Wednesday, November 18, 2009

Md. panel approves $362M in budget cuts/Join us at Goucher on November 19,0,5177596.story

Md. panel approves $362M in budget cuts

Plan includes elimination of 112 state jobs, closer of of the Upper Shore Community Mental Health Center in Chestertown

By Laura Smitherman |

Baltimore Sun reporter

2:07 PM EST, November 18, 2009

A state spending panel approved on Wednesday $362 million in budget-balancing measures proposed by Gov. Martin O'Malley and decided to continue with the closure of a state-run psychiatric hospital that employees had fought to save.

The actions taken by the Board of Public Works bring midyear spending reductions and fund transfers to the state's operating budget to about $1 billion. The three-member board is composed of the governor, Treasurer Nancy K. Kopp and Comptroller Peter Franchot.

This marks the third time that O'Malley, a Democrat, has been forced to make revisions in the $13 billion spending plan that took effect in July. By law, the budget must remain balanced.

"There are no easy decisions," O'Malley said. "None of them by themselves have been popular."

As part of the package of measures, O'Malley accounts for tax revenue from Constellation Energy Group's deal with a French utility and makes a number of state agency cutbacks while laying off nearly 70 state employees to close the latest budget gap that has opened as the recession lingers.

Midyear cuts have gotten so deep that some are raising concerns that the governor is breaching a cap on the amount of money that can be taken back once appropriated. Private colleges and universities, for instance, contend that a proposed $9 million cut to state grants they receive to support financial aid was too deep; the board reduced that amount Wednesday to $7 million.

In general, state law prohibits cuts above 25 percent of the budgeted amount. Administration officials have told those affected that they are relying on guidance from the state attorney general's office for justification of their decisions. Budget Secretary T. Eloise Foster called the cut to the college grants "legal" and "constitutional."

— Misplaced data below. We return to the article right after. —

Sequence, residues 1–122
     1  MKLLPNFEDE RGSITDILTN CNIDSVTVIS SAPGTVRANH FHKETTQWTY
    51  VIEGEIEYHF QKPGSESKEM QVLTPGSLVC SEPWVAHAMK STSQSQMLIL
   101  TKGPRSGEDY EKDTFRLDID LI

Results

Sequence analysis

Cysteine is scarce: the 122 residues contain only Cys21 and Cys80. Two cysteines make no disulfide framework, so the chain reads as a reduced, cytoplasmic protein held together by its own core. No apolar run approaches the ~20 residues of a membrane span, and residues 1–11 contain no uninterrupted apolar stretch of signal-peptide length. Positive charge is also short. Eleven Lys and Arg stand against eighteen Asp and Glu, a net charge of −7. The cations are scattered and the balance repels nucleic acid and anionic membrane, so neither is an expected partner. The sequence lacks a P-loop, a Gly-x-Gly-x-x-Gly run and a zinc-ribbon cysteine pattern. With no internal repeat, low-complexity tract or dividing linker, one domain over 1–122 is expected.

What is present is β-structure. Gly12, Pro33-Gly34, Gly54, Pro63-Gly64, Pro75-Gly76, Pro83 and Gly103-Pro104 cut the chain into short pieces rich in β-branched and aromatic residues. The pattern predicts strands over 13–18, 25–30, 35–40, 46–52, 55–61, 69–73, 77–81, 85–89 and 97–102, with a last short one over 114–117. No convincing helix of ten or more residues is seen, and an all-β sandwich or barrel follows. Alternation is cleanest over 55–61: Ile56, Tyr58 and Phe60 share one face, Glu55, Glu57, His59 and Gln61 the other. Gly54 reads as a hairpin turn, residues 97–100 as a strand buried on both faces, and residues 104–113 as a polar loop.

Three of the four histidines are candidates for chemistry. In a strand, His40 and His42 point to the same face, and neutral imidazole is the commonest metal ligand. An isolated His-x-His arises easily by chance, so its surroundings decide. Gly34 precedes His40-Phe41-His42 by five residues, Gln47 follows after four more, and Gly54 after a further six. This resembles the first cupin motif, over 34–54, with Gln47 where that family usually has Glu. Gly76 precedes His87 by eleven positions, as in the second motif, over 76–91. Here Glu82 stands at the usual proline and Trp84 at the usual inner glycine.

Another controversial item was the closure of the Upper Shore Community Mental Health Center in Chestertown. Lawmakers and union officials have criticized the proposal, and the health department had agreed to take a second look.

But the Board of Public Works decided Wednesday not to reconsider the closure in a 2-to-1 vote, with Franchot voting to take the proposal off the table. He backed a plan put forward by staff at the Upper Shore that would have reduced hospital staffing and beds to save money but would have kept the facility's doors open.

"I don't think this decision is the right one," Franchot said, expressing concern about patients getting care and about lost jobs.

In front of a room packed with supporters, Health Secretary John Colmers explained his decision to close the facility that provided inpatient treatment to psychiatric patients and a transition plan that would move the hospital's substance-abuse unit into a county-run program at the facility while bolstering community mental health programs.

In all, the budget measures calls for more than 100 state positions to be abolished, including about 70 that are currently filled.